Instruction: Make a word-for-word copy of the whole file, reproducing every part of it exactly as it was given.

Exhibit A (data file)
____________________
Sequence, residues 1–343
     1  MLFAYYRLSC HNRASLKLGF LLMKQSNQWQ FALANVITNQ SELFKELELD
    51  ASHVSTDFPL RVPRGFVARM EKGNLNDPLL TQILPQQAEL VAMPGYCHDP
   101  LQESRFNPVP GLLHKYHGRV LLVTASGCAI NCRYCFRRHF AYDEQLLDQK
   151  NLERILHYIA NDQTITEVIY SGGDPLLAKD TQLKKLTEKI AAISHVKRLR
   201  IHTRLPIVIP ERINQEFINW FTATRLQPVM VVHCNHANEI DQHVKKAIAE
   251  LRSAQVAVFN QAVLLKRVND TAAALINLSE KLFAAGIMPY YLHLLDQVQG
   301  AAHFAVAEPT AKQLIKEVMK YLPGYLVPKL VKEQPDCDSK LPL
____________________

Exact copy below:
Sequence, residues 1–343
     1  MLFAYYRLSC HNRASLKLGF LLMKQSNQWQ FALANVITNQ SELFKELELD
    51  ASHVSTDFPL RVPRGFVARM EKGNLNDPLL TQILPQQAEL VAMPGYCHDP
   101  LQESRFNPVP GLLHKYHGRV LLVTASGCAI NCRYCFRRHF AYDEQLLDQK
   151  NLERILHYIA NDQTITEVIY SGGDPLLAKD TQLKKLTEKI AAISHVKRLR
   201  IHTRLPIVIP ERINQEFINW FTATRLQPVM VVHCNHANEI DQHVKKAIAE
   251  LRSAQVAVFN QAVLLKRVND TAAALINLSE KLFAAGIMPY YLHLLDQVQG
   301  AAHFAVAEPT AKQLIKEVMK YLPGYLVPKL VKEQPDCDSK LPL